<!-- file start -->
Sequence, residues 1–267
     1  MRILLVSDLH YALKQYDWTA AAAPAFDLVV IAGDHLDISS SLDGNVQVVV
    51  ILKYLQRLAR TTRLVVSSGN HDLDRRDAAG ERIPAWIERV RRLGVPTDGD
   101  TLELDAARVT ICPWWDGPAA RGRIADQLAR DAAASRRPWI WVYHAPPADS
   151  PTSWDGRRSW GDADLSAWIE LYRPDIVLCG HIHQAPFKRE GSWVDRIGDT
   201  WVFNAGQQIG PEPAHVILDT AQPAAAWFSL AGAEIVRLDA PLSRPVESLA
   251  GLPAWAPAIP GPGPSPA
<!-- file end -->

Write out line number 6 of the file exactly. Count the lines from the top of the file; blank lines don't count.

   201  WVFNAGQQIG PEPAHVILDT AQPAAAWFSL AGAEIVRLDA PLSRPVESLA